Hatton Wall is a lovely apartment is located just footsteps away from the bustling Leather Lane market. It offers lots of space for such a centrally located one-bedroom apartment. One of the highlights of this serviced apartment is its large balcony with access from the master bedroom and living room. In the hotter months of summer, guests have the luxury to leave the balcony doors open for added ventilation.
The kitchen is equally large with lots of counter space to cook that perfect meal. The full-sized refrigerator is an added bonus when having those groceries delivered. It’s furnished with all the necessities including crockery, glassware, silverware, kettle, toaster, and microwave. Amenities include dishwasher, chilled wine rack, and digitally controlled oven.
There are one and a half bathrooms. The master bathroom has fully tiled marbled walls with tub and raindrop shower. In the living area there is a smaller bathroom with toilet and sink.
The living room is complete with SONY large screen TV (approx. 50 inch) with freeview and Blu-ray/DVD disk player. The wood floors help keep the apartment cool in summer.
The memory foam style mattress with goose down style pillows really make this bedroom extra comfortable.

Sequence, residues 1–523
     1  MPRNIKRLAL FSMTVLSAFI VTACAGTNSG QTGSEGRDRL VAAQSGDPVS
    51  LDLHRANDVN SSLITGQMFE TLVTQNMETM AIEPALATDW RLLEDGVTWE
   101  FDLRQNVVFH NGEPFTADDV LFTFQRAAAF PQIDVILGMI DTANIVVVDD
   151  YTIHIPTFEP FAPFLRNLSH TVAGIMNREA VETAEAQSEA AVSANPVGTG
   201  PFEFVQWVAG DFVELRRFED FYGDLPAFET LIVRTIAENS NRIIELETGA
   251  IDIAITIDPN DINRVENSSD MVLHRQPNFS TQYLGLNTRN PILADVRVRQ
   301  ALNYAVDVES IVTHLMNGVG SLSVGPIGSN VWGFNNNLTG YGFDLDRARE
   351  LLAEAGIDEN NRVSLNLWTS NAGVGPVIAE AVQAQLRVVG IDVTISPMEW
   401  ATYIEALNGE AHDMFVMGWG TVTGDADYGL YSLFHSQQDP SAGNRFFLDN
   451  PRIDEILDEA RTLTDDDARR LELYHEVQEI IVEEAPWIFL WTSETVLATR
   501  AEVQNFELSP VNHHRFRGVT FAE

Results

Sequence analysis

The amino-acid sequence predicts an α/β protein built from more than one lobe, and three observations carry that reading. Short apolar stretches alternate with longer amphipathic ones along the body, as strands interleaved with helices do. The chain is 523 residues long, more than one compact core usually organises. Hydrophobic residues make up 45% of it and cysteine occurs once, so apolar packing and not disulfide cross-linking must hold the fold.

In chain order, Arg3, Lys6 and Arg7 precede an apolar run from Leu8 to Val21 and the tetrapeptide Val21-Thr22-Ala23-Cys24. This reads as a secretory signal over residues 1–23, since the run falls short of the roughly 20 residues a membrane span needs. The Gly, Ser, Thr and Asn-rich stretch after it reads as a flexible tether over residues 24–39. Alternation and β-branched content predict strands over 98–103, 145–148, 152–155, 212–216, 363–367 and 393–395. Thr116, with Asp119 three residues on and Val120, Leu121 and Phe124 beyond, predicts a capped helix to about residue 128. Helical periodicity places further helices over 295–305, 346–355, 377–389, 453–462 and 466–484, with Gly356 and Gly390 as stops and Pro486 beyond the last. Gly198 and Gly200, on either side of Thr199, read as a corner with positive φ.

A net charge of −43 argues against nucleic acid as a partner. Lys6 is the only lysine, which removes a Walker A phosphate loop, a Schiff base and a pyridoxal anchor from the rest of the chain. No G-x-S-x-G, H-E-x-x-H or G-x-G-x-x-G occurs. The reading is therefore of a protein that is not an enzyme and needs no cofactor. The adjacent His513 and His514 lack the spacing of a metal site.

The building is monitored by CCTV with guest access available through the video entry security system.
The nearest attraction is the food lover’s paradise Leather Lane. It runs Monday to Friday with a large array of street vendors serving up fresh cooked bites. The nearest gems are Singtong Burger, Craft Beer & Co. flagship, and The Lion and Fox Salon. The Hatton Garden Jewellery trade runs parallel one block over.
Hatton Wall is in the London Borough of Camden. Gray’s Inn Road and Farringdon Roads are both nearby with many shops open for business. Considered arteries to London, these areas have cultural significance and play an important part in the development of the City.
Gray’s Inn has been inhabited since Palaeolithic times. In 1679, a hand axe blade was found in a gravel bed off Grey’s Inn Road. It was deemed to have been 350,000 years old and can be seen in the British Museum. Farringdon Road was developed in the 1800s, spanning over 20 years. It’s construction was responsible of the burial of the River Fleet into underground tunnels, and turning the last of their springs into Hampstead Heath ponds. This was a major achievement at the time as it solved the city’s sewage problems.